Negative online experiences can have just as great an impact as the abuse and discrimination people experience offline, says Hilary Watson, the Policy and Campaigns Manager at Glitch, an award-winning UK charity that is working to end online abuse – particularly against women and marginalised people.

Conscious media investment

This article is part of a series of articles from the WARC Guide to conscious media investment.

We can no longer talk about online hate speech and its impact in the ‘real world’ without first acknowledging both its growing prevalence and the increasing blurring of the boundaries between online and offline experiences. Online abuse is not experienced equally by all:

  • A 2015 study found that women globally are 27 times more likely to be harassed online than men; 
  • Plan International’s 2020 research of 14,000 girls and young women across 31 countries found that 58% of respondents had personally experienced online harassment, including abusive language and cyberbullying; 
  • 2020 research by the Web Foundation and the World Association of Girl Guides and Girl Scouts found that 84% of young women think the problem of online abuse is getting worse;
  • Black women are 84% more likely to be mentioned in abusive or problematic tweets than white women in the UK and US
  • In England and Wales in 2018/19 there was a 71% rise in online disability hate crime; in 2019/20 overall hate crime against disabled people had increased by 12% across all 36 regions, with 1 in 10 of all reported disability hate crimes taking place online, an increase from the previous year of 46%; and  
  • 2020 UK research found that 80% LGBTQ+ people have experienced hate crime and hate speech online in the last 5 years.

When BT, the UK telco company found that almost 6 million people were abused online in the UK it launched the ‘Draw The Line’ campaign in 2021 to combat online hate. Developed in partnership with Glitch, we helped to upskill the BT Sport TV channel team (including presenters) to become champions of active bystander interventions online and to no longer let online hate sit on their social media accounts.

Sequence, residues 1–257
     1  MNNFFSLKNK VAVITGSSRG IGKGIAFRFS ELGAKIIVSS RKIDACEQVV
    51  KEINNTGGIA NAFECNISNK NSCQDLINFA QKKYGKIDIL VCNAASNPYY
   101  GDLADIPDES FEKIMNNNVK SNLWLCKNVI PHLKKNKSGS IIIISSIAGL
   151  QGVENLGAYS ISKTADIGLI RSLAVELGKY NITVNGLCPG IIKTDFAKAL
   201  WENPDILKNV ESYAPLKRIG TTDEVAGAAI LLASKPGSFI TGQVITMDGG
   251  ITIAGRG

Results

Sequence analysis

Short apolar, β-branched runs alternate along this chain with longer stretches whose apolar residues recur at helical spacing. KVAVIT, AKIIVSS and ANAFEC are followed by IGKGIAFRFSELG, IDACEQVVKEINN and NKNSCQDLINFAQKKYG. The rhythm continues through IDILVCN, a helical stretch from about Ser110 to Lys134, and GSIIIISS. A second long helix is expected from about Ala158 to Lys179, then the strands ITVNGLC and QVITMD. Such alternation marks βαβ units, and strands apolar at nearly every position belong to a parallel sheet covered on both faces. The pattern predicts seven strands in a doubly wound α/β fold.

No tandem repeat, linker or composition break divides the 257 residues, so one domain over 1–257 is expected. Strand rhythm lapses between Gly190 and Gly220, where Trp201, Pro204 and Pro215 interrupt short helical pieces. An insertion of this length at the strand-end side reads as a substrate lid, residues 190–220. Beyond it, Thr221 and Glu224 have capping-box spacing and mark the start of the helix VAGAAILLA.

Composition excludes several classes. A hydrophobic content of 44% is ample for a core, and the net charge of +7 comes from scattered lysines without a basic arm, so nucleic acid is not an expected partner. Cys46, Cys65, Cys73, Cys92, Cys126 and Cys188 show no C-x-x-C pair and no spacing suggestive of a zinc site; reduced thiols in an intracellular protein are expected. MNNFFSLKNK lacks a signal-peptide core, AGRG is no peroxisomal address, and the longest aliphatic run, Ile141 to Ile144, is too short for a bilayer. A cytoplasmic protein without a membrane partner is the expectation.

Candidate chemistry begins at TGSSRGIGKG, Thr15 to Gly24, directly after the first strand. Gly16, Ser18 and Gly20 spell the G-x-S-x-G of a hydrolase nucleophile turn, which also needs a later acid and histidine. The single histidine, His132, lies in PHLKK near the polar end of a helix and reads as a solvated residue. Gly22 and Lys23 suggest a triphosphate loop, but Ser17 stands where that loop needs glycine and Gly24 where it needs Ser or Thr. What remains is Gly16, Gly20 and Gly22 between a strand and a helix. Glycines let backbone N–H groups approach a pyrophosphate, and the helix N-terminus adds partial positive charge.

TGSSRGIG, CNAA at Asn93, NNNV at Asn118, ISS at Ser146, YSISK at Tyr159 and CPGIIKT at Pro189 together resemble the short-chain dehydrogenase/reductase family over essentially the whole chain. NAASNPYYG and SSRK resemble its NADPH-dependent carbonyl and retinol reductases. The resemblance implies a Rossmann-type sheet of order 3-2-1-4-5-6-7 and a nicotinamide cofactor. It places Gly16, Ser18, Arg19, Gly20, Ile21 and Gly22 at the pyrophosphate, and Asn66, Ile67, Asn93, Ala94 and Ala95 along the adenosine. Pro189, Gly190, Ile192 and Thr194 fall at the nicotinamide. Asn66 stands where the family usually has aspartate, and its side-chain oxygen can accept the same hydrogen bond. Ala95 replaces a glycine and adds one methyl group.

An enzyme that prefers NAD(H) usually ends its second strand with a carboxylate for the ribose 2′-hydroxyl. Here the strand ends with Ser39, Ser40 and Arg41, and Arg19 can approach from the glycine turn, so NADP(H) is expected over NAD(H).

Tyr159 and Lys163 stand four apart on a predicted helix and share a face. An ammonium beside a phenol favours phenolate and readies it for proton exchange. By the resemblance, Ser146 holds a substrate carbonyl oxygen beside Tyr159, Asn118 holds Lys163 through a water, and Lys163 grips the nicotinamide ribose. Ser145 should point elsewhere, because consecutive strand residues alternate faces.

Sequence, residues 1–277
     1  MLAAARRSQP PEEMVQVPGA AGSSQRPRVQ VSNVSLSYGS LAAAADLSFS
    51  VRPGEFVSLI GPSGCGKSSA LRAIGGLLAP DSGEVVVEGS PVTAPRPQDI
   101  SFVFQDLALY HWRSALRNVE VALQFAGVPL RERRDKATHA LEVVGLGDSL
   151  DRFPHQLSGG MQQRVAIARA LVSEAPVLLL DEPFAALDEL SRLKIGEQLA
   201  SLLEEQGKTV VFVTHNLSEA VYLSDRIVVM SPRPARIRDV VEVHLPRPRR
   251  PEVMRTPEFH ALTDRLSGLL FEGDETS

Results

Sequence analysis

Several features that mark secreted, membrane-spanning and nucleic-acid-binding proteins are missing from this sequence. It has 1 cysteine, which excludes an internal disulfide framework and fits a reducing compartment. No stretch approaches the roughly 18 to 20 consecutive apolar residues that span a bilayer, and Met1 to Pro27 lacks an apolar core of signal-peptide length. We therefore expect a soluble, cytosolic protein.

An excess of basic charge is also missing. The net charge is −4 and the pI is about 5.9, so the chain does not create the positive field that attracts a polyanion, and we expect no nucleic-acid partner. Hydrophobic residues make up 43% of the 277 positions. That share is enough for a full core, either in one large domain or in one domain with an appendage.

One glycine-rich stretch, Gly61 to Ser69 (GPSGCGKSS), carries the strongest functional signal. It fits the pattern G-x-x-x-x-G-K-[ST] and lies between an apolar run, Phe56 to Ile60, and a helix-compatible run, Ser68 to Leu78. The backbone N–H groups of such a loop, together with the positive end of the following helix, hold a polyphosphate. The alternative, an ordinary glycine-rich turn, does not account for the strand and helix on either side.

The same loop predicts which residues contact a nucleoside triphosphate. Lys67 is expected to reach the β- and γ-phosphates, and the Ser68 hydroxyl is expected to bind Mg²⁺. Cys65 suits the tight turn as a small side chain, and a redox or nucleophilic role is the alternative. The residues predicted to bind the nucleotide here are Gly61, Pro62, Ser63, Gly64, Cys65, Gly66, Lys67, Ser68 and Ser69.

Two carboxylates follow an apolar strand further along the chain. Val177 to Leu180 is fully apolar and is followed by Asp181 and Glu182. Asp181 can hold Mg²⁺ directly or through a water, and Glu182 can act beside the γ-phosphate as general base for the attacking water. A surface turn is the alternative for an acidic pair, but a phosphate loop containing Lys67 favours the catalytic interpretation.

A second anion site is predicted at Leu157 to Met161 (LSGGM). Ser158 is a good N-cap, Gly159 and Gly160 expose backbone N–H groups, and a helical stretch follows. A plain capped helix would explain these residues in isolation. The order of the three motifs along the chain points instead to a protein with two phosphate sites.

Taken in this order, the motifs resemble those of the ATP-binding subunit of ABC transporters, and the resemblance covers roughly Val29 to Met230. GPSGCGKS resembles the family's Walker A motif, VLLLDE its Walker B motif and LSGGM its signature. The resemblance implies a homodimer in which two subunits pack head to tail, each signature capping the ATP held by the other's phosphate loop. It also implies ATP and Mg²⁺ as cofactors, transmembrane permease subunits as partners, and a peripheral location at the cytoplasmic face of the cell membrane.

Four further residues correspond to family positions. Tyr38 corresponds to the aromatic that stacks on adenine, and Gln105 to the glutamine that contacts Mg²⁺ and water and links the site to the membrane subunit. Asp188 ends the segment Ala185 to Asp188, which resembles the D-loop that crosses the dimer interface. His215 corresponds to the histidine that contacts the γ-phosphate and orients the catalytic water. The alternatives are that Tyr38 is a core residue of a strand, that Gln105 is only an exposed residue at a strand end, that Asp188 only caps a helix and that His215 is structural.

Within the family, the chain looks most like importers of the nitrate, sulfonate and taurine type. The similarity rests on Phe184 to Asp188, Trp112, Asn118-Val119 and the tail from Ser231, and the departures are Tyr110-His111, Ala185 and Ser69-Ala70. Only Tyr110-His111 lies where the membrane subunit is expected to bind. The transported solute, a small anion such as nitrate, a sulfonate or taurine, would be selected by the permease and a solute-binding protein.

The men’s UEFA European Football Championship final in July 2021 has shown the prevalence of online abuse that BT Sport knows all too well, with widely reported racial abuse sent to four of England’s Black players.

BT’s stand against online hate, in solidarity with its commentators and sportspeople it works with is part of a welcome sea change seen across sport, and a move away from brand silence on the issue of online abuse. BT has shown the power that brands have in taking a stand against online hate. By not treating online hate as inevitable, advertisers such as BT can set the standards for social media platforms to act against online hate, or face the commercial consequences of lost advertising revenue.

All too predictably, women’s sport is consistently criticised with sexist abuse online on BT Sport’s social media channels. And online abuse has been getting worse since the pandemic struck. Glitch and End Violence Against Women (EVAW) Coalition’s UK-based report The Ripple Effect shows that online abuse was rife during COVID-19. Our study of 484 UK-based women and gender non-binary people, surveyed in June 2020, found that:

  • 46% of women and non-binary respondents experienced online abuse during COVID-19 lockdown 
  • 50% of Black and ethnically minoritised women and non-binary people said they had experienced online abuse during COVID-19 lockdown
  • 29% said the abuse was worse during COVID-19, up to 38% for Black and ethnically minoritised participants 

Most of the abuse took place on mainstream social media platforms despite tech companies’ commitments to making their platforms safe and addressing gender-based and intersectional abuse.

Graphs from Glitch & EVAW’s The Ripple Effect report (TikTok was not included in the survey). 

In July 2021, technology giants Google, Twitter, TikTok and Facebook announced measures they will take to ensure that their platforms are safer places for women, acknowledging online abuse as a form of violence against women. This marks a huge step in naming the problem, but much more needs to be done before platforms are free from online hate and harm; before advertisements on these platforms do not sit alongside hate speech and abuse. 

Read more articles from the WARC Guide to conscious media investment.

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